When Paul’s eyes widened, and he got a panicked look on his face, Hannah turned around. Her dad and mom stood there staring at the boy. Behind them were Granny and Aunt Claudia.

“Well, who do we have here?” her dad said smiling.

“My name is Paul Newman, Sir,” he said.

 “Ahhh. Nice to meet you Paul.” He held out his hand.

Paul put down his bag of food and shook his hand still looking scared.

“I think you need to tell us why you’re here,” their mother said softly.

Paul looked up at the two tall, dark, adults and licked his lips and swallowed.

“Before he tells us his story, let’s all sit down and have some hot chocolate and some cookies,” Granny LaVerne said bustling around those in her way and filled the tea kettle with water and put it on the stove. Then she started getting out cups for all of them, except for Caleb, of course, because no one but Hannah and Teddy could see him.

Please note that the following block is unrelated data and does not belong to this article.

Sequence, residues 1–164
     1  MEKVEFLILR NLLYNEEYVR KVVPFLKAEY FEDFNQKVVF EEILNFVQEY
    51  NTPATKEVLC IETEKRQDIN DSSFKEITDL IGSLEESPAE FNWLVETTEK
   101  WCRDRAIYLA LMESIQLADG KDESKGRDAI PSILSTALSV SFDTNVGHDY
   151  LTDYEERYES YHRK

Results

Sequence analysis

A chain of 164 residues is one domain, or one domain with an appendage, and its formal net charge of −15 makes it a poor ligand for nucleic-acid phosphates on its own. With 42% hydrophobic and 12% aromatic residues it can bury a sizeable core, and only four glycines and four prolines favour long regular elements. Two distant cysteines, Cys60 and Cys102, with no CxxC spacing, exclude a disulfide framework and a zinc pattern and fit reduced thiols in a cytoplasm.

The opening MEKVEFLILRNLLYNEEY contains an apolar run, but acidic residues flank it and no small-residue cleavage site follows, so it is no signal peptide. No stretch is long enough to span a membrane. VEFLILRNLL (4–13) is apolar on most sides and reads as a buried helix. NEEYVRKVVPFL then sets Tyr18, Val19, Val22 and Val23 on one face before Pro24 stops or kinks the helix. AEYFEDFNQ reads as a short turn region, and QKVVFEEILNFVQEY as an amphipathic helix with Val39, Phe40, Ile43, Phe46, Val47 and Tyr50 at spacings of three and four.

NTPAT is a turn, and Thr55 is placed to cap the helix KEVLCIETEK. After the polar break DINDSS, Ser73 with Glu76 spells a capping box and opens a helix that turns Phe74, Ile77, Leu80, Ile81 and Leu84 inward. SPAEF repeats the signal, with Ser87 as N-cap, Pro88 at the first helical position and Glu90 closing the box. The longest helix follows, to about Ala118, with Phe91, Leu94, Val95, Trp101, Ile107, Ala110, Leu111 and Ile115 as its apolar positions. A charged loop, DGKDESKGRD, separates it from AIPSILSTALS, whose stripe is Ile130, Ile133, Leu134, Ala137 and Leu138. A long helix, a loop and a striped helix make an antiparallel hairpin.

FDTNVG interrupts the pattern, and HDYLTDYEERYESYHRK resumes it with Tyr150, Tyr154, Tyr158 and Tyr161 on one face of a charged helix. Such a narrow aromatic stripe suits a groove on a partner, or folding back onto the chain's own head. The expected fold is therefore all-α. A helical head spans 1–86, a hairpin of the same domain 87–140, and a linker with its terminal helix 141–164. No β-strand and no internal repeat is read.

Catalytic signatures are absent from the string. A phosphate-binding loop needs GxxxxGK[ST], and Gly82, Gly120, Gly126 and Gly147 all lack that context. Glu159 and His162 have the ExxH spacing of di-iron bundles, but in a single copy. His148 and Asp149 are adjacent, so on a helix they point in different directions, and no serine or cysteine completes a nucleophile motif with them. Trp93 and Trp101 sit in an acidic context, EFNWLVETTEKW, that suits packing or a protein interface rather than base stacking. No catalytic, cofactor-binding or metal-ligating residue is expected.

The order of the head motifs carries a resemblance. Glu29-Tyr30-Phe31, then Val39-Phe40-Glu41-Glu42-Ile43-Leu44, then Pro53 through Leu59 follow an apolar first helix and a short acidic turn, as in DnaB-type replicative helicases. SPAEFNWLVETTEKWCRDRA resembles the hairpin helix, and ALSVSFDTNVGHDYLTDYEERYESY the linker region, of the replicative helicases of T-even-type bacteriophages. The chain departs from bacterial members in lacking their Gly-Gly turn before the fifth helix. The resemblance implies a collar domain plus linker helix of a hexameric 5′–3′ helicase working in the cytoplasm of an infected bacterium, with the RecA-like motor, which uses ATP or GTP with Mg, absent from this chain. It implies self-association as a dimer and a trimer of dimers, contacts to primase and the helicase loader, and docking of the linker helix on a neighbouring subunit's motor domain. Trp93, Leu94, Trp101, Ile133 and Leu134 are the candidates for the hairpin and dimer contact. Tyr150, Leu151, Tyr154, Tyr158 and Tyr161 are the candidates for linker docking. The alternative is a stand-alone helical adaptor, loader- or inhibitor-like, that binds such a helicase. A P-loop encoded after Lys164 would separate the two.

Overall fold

Soon they were all sitting around the table drinking hot chocolate and eating Christmas cookies as Paul repeated his story to the adults and added more from their questions to him.

Yes, he went to school, but not as often anymore because someone had to take care of the little ones. He was twelve years old and wanted to join the Navy when he grew up.

“You know you need to get a good education before you can do that, don’t you?” Linc Davis said.

Paul nodded. “I like school. Or mostly I do except for some of the kids.”

“My husband’s a teacher. He’d be willing to tutor you if you’re behind in school,” Lizzy Turner, the twins mother said. “Also, I’m going to check in on the situation you’re in and help you and your family out.”

 “Mama’s a lawyer,” Hannah said beaming proudly.

“I’m going to fill up that bag you brought and some other bags, too,” Aunt Claudia said.